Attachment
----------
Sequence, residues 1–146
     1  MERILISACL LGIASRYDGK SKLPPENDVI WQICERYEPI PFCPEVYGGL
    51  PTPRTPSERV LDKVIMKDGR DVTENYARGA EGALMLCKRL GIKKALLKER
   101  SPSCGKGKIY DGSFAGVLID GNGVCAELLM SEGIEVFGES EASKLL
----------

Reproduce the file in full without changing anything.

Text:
Sequence, residues 1–146
     1  MERILISACL LGIASRYDGK SKLPPENDVI WQICERYEPI PFCPEVYGGL
    51  PTPRTPSERV LDKVIMKDGR DVTENYARGA EGALMLCKRL GIKKALLKER
   101  SPSCGKGKIY DGSFAGVLID GNGVCAELLM SEGIEVFGES EASKLL